made the first fiat money in the green
backs, but I am not sure of that. En
larging the number of . dollars was
diminishing the value of each -dollar
aricl so lowering the value of all. debts
already contracted. This was a wrong
to the capitalists or men . who had
already saved up some money. Then
the capitalists induced the govern
ment to demonetize all uncoined silver
and so raise the price of the dollars
that the debtor had to pay. This was
a cheat against the debtors ; and. in
favor of the capitalists ana It was
as much by the fiat money principle
as the issue of greenbacks was. This
was much worse fiat money than the
issue of greenbacks, because the issue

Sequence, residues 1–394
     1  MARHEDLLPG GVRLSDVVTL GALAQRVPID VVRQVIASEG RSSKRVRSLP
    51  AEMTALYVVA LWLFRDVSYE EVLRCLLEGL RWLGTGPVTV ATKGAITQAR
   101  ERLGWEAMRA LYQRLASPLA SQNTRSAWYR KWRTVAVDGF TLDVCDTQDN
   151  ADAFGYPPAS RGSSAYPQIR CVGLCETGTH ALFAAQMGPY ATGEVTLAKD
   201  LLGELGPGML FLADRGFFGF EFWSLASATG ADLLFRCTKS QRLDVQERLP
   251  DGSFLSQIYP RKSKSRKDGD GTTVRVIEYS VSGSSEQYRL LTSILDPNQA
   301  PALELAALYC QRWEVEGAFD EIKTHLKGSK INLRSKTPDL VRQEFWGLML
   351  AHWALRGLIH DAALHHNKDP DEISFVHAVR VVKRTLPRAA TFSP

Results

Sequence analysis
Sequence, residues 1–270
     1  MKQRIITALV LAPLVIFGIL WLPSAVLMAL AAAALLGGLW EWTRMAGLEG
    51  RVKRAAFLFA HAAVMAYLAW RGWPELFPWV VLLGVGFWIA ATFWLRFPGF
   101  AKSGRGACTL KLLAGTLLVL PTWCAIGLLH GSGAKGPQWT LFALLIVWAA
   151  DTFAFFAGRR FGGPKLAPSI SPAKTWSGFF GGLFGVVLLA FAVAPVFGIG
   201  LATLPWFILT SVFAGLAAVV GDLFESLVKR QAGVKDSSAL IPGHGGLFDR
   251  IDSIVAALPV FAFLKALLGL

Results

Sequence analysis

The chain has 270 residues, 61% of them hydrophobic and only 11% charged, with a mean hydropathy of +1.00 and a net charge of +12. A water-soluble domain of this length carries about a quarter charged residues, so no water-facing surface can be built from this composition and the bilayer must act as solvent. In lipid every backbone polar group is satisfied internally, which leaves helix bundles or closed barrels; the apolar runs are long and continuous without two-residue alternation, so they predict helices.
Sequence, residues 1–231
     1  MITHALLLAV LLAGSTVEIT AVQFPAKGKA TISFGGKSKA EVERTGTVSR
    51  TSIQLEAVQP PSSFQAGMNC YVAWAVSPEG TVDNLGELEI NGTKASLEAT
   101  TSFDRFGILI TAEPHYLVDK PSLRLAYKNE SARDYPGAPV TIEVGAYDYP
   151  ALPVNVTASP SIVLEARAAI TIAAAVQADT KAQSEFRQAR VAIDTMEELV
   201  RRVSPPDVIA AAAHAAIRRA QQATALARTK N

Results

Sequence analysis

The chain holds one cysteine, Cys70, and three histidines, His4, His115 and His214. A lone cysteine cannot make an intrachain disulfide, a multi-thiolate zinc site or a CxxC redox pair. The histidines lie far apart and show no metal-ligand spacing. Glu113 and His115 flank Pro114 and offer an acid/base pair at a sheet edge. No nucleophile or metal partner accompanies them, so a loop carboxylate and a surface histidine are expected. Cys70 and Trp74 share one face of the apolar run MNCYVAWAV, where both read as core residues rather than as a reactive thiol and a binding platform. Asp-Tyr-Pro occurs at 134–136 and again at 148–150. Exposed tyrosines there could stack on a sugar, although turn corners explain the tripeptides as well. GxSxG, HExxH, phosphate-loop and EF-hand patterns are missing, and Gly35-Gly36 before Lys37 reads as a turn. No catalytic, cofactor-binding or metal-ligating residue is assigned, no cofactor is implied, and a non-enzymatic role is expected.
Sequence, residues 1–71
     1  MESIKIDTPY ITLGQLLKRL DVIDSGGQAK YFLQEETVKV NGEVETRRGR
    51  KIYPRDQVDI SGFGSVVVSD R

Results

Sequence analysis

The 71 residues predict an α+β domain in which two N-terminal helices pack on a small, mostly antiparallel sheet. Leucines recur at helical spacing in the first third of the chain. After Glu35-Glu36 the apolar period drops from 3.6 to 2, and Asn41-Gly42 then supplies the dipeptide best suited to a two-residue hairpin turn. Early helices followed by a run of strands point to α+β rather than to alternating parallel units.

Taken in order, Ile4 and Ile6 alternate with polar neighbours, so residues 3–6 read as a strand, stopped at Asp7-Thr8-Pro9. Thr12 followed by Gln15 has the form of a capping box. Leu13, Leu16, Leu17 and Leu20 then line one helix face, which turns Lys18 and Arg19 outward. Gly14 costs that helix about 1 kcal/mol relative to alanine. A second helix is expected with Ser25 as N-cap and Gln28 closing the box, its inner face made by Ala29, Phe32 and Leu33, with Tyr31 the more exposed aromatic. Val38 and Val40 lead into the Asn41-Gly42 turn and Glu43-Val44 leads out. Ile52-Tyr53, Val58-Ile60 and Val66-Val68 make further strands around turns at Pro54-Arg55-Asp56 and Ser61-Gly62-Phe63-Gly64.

of greenbacks was a wrong of the
capitalists and in favor of the debtors
and was a stimulant for trade by rais
ing prices. But the demonetization
of the only g.enuine dollar, the silver
dollar, by fiat was to unjustly enlarge
the debt that the debtor had to pay
by raising the price of the dollar that
he had to pay it with, or lowering
the price of the goods that he had . to
buy the dollar with. It is as if .a man
had made a bargain to furnish a cer
tain number of bushels of wheat and
before he had time to fulfil his con
tract .the government should make a
law that the size of all bushels should
be doubled and all contracts made
by the old measure should be fulfilled
in the new, but the price should re
main the same as when the contract
If our national debt is about. $1,000,
000,000 and the number of men in the
country is 20,000,000, then there is suf
ficient debt to require a poll 'tax of
$50 each for the men of the country
to pay it with. By destroying one
half of the dollars in the world by
fiat since the debt was contracted we
are paying one hundred dollars value,
and calling it' fifty, where only fifty